Several of New Zealand's biggest brands have pulled their advertising from Facebook and Google in the past few days, following a terrorist’s livestream of his massacre of 50 people at two mosques in Christchurch last week.
According to several reports, ASB Bank, ANZ Bank, Kiwibank, BNZ, Burger King and Lotto NZ, among others, have suspended advertising on Facebook and Google to demand that the social-media companies do more to stop the spread of hateful content on their platforms.
A spokesperson for Lotto NZ said: “Like the rest of the country, Lotto NZ is shocked and saddened by the tragic events that occurred in Christchurch on Friday. These events are at the front of our mind this week. We have removed our advertising from social media at this time as the tone didn't feel right in the aftermath of these events."
Colenso BBDO confirmed to Campaign that several of its clients have pulled advertising from Facebook, but declined to comment further.
At the same time, a strong joint statement released by the Association of New Zealand Advertisers and the Commercial Communications Council calls on brands to “carefully consider, with their agency partners, where their ads appear”.
“Advertising funds social media," the statement reads. "Businesses are already asking if they wish to be associated with social media platforms unable or unwilling to take responsibility for content on those sites. The events in Christchurch raise the question, if the site owners can target consumers with advertising in microseconds, why can’t the same technology be applied to prevent this kind of content being streamed live?”
The statement said the role of social media, in particular livestreaming, has been “brought into serious question”, and directly addressed the platforms, saying: “We challenge Facebook and other platform owners to immediately take steps to effectively moderate hate content before another tragedy can be streamed online.”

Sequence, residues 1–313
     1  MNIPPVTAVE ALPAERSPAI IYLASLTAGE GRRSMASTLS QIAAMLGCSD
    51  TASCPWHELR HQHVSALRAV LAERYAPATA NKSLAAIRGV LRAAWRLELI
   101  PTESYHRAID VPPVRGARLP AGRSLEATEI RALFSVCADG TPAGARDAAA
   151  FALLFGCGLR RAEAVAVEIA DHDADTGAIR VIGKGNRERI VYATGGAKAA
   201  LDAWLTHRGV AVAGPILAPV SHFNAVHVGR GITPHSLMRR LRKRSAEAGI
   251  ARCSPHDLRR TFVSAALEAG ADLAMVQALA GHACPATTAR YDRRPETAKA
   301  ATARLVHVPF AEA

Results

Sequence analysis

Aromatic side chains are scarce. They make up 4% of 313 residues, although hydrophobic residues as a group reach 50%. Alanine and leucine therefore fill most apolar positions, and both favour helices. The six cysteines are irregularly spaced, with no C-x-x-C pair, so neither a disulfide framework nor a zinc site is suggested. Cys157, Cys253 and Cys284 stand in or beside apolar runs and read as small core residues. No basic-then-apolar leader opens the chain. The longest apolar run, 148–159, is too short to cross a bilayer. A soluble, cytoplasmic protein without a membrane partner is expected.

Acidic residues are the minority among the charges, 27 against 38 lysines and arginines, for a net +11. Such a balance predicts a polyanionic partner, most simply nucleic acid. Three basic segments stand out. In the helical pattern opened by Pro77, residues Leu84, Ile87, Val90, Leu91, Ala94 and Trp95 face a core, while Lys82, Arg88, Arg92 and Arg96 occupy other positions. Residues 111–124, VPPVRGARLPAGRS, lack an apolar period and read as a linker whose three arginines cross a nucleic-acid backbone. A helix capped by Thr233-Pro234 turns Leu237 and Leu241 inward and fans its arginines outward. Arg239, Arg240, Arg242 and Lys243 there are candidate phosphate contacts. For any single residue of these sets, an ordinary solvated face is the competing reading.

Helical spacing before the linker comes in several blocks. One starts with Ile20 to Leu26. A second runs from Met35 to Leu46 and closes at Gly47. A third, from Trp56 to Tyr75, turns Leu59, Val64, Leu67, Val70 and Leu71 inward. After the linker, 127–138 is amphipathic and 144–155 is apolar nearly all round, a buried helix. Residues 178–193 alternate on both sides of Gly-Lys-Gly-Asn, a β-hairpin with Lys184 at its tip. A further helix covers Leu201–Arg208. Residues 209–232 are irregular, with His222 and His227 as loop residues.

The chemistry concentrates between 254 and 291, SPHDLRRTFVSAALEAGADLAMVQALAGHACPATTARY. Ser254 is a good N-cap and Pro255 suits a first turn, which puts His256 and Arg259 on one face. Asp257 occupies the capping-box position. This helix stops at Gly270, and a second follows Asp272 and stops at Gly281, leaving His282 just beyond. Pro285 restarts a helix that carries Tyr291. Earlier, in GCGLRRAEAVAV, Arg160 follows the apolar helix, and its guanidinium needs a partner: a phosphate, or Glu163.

In an unprecedented move, New Zealand’s largest telco, Spark, said it has been working with internet providers to block access to sites showing the livestream of the attack, according to managing director Simon Moutter.
Helen Clark is 100% correct in asserting that if the global social media platform companies put as much effort into algorithms for preventing of the spread of hate material as they put into targeted advertising, they could easily solve the problem.— Simon Moutter (@simonmoutter) March 15, 2019
Contacted for a response to the associations’ comments, Facebook issued the following statement from Mia Garlick, spokeswoman for Facebook New Zealand: “We continue to work around the clock to remove violating content using a combination of technology and people. In the first 24 hours we removed about 1.5 million videos of the attack globally, of which over 1.2 million were blocked at upload. Out of respect for the people affected by this tragedy and the concerns of local authorities, we're also removing all edited versions of the video that do not show graphic content."
Facebook has also been collaborating with industry partners since last week, including the Global Internet Forum to Counter Terrorism, which said it has shared “digital fingerprints of more than 800 visually distinct videos related to the attack via our collective database, along with URLs and context on our enforcement approaches”.
(This article first appeared on CampaignAsia.com)